Mere information

  • X-rays of the chest
  • CT-scanning
  • spirometry
  • X-ray


Determining the cause of chronic cough is essential for effective treatment. In many cases, more than one underlying condition may be causing your chronic cough.

(Video) Causes of Chronic Cough in Adults

If you are currently a smoker, your doctor will discuss your readiness to quit and provide help to achieve this goal.

If you are taking an ACE inhibitor, your doctor may switch you to another medicine that does not have cough as a side effect.

Medicines used to treat chronic cough may include:

  • Antihistamines, corticosteroids and decongestants.These drugs are the standard treatment for allergies and postnasal drip.
  • Medicines for inhaled asthma.The most effective treatments for asthma-related coughs are corticosteroids and bronchodilators, which reduce inflammation and open your airways.
  • antibiotics.If a bacterial, fungal, or mycobacterial infection is causing your chronic cough, your doctor may prescribe medication to target the infection.
  • Acid blockers.When lifestyle changes don't take care of acid reflux, you may be treated with medications that block acid production. Some people need surgery to correct the problem.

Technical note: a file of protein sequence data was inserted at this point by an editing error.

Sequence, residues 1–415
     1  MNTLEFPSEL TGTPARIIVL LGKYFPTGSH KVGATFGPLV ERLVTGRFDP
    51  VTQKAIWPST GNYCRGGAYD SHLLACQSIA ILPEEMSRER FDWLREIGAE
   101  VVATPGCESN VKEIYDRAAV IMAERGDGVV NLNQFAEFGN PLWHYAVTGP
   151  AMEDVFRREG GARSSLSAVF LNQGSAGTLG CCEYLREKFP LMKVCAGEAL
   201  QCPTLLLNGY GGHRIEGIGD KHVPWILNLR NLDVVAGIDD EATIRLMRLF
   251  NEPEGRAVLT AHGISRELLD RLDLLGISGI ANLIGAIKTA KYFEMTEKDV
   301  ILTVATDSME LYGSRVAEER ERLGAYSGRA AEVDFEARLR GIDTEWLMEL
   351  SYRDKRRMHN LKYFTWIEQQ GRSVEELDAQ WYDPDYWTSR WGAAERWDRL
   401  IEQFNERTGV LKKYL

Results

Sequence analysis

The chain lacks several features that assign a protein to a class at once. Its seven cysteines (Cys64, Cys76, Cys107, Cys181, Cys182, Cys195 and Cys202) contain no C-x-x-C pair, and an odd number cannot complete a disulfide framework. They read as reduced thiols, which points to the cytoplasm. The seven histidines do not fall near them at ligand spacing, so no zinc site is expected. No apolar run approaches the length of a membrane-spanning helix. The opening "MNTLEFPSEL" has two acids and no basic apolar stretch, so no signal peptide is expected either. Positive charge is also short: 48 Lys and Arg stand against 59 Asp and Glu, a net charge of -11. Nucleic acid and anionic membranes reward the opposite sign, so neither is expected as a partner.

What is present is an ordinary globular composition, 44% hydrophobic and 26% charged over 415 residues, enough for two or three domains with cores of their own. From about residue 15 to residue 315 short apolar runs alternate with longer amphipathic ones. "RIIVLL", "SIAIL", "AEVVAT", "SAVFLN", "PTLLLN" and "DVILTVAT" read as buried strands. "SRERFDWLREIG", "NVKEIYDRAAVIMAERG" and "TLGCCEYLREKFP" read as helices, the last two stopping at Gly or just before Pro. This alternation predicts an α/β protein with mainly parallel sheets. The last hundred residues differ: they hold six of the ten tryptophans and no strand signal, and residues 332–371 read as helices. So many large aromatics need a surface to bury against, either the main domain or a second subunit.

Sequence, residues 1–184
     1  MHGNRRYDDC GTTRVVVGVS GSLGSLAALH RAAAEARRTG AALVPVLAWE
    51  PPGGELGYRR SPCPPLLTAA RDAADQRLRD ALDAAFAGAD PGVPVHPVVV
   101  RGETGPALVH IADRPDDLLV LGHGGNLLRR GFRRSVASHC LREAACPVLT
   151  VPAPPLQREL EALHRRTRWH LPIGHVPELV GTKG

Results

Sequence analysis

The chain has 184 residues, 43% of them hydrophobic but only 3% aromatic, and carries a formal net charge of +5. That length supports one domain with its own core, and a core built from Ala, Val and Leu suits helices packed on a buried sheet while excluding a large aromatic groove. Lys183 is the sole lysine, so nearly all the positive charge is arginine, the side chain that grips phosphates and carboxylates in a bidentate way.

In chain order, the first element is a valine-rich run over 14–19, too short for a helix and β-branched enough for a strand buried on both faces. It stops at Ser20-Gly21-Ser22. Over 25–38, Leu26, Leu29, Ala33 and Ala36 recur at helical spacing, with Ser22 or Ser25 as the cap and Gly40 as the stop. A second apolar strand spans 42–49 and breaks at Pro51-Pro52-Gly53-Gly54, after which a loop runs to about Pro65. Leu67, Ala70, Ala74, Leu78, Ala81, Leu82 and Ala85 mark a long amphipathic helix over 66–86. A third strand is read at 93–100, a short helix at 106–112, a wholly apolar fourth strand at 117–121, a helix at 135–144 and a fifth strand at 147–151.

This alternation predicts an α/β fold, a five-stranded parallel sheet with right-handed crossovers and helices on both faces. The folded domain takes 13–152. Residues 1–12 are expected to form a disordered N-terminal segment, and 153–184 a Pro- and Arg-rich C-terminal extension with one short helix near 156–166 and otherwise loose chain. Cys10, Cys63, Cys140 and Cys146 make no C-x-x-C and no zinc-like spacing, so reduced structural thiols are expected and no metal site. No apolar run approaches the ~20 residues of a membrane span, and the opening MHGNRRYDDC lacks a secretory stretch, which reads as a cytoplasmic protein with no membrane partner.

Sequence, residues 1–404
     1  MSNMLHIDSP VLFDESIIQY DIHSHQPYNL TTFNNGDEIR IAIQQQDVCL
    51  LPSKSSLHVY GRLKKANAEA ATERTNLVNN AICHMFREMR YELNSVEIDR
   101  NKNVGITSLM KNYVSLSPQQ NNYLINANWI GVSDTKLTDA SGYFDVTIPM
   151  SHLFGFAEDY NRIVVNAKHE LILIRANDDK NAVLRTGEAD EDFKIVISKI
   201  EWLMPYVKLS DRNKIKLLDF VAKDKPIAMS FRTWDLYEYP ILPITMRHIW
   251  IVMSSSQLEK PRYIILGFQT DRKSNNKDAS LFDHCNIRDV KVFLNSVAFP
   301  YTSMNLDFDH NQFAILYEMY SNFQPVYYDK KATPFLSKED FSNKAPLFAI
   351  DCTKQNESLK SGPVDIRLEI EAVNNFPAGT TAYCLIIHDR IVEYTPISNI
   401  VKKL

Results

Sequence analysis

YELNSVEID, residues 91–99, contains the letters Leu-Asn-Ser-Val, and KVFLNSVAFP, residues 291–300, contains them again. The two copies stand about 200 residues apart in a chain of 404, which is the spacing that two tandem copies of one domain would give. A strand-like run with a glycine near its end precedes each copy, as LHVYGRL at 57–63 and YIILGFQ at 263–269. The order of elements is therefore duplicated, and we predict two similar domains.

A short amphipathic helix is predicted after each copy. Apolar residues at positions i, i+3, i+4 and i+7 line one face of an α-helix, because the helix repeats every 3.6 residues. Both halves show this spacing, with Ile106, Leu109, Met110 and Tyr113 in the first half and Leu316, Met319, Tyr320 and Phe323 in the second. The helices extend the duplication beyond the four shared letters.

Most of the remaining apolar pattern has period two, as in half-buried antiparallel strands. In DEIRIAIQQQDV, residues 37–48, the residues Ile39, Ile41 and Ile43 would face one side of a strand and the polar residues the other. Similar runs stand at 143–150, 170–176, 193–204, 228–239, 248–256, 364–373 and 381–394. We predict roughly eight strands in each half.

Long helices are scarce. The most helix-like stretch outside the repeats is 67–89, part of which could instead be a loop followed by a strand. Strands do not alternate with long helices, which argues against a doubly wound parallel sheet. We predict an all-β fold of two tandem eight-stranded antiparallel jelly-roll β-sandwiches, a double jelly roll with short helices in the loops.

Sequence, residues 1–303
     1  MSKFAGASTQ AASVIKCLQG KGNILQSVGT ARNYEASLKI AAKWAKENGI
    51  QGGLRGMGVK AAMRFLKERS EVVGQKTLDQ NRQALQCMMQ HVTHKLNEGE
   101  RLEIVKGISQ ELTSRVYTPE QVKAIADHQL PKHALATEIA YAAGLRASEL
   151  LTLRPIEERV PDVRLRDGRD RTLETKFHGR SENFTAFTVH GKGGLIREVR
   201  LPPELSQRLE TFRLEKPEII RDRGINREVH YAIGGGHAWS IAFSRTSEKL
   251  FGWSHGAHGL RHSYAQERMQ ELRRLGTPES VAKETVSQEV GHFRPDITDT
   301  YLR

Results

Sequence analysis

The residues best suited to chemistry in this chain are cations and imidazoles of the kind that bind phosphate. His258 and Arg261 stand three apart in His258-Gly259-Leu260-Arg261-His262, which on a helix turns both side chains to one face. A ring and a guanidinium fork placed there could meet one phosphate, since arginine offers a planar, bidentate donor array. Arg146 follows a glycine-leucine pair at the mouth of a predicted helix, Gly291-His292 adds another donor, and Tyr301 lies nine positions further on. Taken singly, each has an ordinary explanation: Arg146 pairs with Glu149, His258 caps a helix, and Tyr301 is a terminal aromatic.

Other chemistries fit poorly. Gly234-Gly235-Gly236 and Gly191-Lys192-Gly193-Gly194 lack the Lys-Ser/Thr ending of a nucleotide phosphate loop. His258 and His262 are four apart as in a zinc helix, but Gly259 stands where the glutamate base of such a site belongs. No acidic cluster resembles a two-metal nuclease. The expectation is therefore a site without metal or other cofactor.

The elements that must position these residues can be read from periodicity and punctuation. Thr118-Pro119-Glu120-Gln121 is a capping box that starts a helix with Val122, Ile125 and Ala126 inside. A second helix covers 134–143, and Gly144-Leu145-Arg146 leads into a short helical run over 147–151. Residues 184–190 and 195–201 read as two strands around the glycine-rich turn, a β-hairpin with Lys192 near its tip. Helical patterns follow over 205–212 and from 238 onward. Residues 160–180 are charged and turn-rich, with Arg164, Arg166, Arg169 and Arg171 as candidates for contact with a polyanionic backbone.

Cough suppressants

During the time your doctor determines the cause of your cough and begins treatment, your doctor may also prescribe a cough suppressant to try to speed up your symptom relief.

Over-the-counter cough and cold medicines are intended to treat the symptoms of cough and cold, not the underlying disease. Research shows that these drugs have not been shown to work better than inactive drugs (placebo). More importantly, these drugs have potentially serious side effects, including fatal overdoses in children under 2 years of age.

Do not use over-the-counter medicines, except fever reducers and pain relievers, to treat coughs and colds in children under 6 years of age. Also, consider avoiding the use of these drugs in children under 12 years of age.

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(Video) Neurogenic Chronic Cough Treatment with a Superior Laryngeal Nerve Block

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(Video) Common Causes of Chronic Cough